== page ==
What a big weekend for my now 14 year old son, Payton. He turned 14 on Friday, and this morning he had an interview at Serra High School (whose alumni are very impressive, see the end of this post for a list) as the last step in the admissions process. There are over 500 kids applying for 258 spots. He spent about 10 minutes being interviewed 1 on 1 and then Dan and I came in for another 10-15 minutes. This is kind of a tricky process for us as Serra is an all-boys Catholic school and we aren't Catholic (back in the day, I was baptized Catholic, but it was literally a back-door baptism as my Mom was a 17 year old unwed mother and especially back in the '60's in the mid-west, that was highly frowned upon.).
Although they say that you don't have to be Catholic to attend Serra, you know it helps. On the application, we had to write about what we were doing for the spiritual growth of our kids since we weren't attending any church. That required some real introspection on my part since we haven't necessarily made a point to foster a spiritual side of our kids, but as I thought about it, I found that we did, in fact, in our own way, teach our children to be mindful of their place in this world, to "do unto others...", to be giving, caring, thoughtful, respectful, and to understand that they are a part of a large community that we call the Earth. They know all about Karma and have seen it in action. They know that character is how you behave when you think that nobody is watching.
Which brings me to the BIG lesson that Payton learned today. The man that interviewed him used to be a teacher at the middle school that he attends. The teacher remembered him from when he was in the 5th and 6th grade. He didn't teach him in class, but he knew him from the time he had "playground duty." He said that he remembered Payton as being a good kid who followed the rules and looked out for some of other kids (Payton has always been in that "cool jock" group and has been in a unique position to be a role model at an early age). As we walked out of the interview and back to the car, I asked Payton how well he knew the teacher and he said that he remembered him but didn't know him that well. I couldn't help but point out the fact that his behavior and his attitude 2 or 3 years ago was watched by someone without him really knowing about it, and that because he was a good kid, and treated people well (which for a 10-11 year old boy out on the playground is not necessarily the norm), he was now reaping the rewards. I said, "Payton, you never know how your actions today will effect your future. You just learned that by just being a good kid a couple of years ago, your interview was off to a good start before you ever even opened your mouth. That teacher remembered you, and had a high opinion of you, and now that is going to possibly get something that you really want."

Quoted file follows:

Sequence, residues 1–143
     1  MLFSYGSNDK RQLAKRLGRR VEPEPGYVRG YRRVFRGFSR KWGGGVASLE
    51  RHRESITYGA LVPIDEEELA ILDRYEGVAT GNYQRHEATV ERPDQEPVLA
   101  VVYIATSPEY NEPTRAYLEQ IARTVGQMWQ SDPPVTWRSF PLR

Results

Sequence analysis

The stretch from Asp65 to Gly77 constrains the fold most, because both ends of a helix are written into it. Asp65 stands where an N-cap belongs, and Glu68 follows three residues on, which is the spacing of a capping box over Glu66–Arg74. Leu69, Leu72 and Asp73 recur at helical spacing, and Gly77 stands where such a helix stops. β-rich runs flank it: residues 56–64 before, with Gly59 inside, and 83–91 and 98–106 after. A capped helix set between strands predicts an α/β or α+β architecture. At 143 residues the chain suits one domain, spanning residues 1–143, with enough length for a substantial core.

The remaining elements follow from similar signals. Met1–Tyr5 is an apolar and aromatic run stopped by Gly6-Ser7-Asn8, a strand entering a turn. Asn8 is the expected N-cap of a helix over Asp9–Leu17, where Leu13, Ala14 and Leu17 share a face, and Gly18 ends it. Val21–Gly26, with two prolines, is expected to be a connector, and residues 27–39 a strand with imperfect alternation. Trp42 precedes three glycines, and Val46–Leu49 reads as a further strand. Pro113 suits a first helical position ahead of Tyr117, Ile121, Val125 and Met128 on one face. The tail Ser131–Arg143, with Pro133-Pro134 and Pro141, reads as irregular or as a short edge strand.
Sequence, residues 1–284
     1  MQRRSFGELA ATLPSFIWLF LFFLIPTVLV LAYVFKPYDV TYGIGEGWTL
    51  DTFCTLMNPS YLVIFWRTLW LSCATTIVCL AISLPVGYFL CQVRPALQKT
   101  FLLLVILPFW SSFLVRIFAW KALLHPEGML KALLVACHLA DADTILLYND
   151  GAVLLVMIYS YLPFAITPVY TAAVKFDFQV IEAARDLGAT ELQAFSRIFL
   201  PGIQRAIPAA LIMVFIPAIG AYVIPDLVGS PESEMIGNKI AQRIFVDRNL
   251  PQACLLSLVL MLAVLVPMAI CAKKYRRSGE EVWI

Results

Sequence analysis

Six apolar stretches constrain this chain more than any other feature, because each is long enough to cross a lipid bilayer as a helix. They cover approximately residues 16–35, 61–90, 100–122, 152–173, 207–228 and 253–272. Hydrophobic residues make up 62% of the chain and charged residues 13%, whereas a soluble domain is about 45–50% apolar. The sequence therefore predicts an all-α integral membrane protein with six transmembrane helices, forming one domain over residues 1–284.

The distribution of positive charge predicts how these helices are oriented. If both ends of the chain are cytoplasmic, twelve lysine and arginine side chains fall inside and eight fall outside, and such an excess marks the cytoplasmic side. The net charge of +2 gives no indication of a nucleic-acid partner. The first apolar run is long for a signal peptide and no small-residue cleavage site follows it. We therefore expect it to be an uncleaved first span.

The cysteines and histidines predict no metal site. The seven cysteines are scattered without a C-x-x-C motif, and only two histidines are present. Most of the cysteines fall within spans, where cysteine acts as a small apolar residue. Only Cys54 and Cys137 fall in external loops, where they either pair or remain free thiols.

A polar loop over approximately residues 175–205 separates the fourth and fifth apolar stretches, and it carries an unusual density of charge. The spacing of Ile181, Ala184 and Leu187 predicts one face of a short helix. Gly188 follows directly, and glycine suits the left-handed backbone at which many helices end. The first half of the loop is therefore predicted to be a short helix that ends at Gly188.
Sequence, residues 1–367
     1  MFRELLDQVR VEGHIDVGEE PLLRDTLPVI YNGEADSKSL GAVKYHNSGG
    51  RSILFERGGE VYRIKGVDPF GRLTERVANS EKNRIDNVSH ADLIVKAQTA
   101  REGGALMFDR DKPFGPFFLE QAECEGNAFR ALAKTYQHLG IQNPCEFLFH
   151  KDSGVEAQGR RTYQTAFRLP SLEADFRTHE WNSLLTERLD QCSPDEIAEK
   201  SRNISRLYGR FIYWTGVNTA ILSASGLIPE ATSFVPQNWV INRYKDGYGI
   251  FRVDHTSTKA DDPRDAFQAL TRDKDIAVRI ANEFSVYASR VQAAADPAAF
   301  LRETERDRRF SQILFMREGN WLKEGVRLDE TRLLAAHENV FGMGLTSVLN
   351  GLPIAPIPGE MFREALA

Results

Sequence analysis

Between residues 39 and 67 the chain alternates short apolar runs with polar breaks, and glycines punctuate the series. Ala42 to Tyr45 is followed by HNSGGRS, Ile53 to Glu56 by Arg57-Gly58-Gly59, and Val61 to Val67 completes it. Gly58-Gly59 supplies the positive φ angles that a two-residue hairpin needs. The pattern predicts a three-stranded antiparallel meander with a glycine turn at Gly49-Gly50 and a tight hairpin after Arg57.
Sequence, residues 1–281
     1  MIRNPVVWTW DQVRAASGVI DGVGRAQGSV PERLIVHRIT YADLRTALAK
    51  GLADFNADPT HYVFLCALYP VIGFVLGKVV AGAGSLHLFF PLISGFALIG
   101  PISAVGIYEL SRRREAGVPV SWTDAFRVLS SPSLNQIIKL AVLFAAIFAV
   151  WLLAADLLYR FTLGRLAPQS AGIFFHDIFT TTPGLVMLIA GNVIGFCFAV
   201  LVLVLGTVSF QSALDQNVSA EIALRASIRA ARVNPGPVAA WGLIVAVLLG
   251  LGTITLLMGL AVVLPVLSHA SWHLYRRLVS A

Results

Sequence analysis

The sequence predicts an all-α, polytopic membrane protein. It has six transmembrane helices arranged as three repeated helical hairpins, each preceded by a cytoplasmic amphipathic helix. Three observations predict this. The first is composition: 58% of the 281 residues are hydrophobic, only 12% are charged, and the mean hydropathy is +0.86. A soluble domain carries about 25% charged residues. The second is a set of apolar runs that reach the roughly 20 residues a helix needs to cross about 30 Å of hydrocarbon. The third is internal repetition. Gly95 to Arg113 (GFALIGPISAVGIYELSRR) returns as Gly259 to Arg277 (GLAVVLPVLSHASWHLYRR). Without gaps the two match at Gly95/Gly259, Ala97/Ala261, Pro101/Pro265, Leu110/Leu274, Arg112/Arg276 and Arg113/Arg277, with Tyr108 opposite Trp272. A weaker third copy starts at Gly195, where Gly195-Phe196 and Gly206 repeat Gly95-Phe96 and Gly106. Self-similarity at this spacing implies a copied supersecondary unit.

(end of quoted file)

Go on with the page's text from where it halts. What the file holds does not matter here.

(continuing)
What a HUGE lesson to learn and to see come to fruition right in front of his eyes. I big Mom **sigh** moment for me. And a big moment for Payton. He did really well during the rest of the interview, he smiled, he looked the interviewer right in the eyes, he was articulate and passionate about why he was there.
From there we went to Big 5 to get him cleats and sliding pants for baseball tryouts today. Like I said, it's a big day for him, one that could weigh heavily on his self-confidence. The first part went well, and gave him confidence going into tryouts. My son, how you are turning into a beautiful, self-sufficient young man who is tackling all that life puts before you. You make my heart weep with joy and admiration.
To both of my son's, I would like to quote my favorite author, Maya Angelou:
Because you are who you are, I have never had to exaggerate. I just tell the truth: I have the most wonderful son in the world.
All night tonight and all day tomorrow, including the Superbowl, I will have a house full of 14 year old boys (about 8-10 of them at any given time) helping Payton celebrate his birthday. I tend to only get religious during times like these. Lord, grant me the strength and the wisdom...and if I should die before I wake, I pray the Lord my soul to take. If I shall live through the night, I pray that there is enough tequila in the house to get me through tomorrow!
Professional Athletes - Barry Bonds, Tom Brady, Lynnn Swan, Greg Jeffries,
President and CEO Trader Joe’s, John Sheilds
New York Times Editor and Pulitzer Prize Winner, William Keller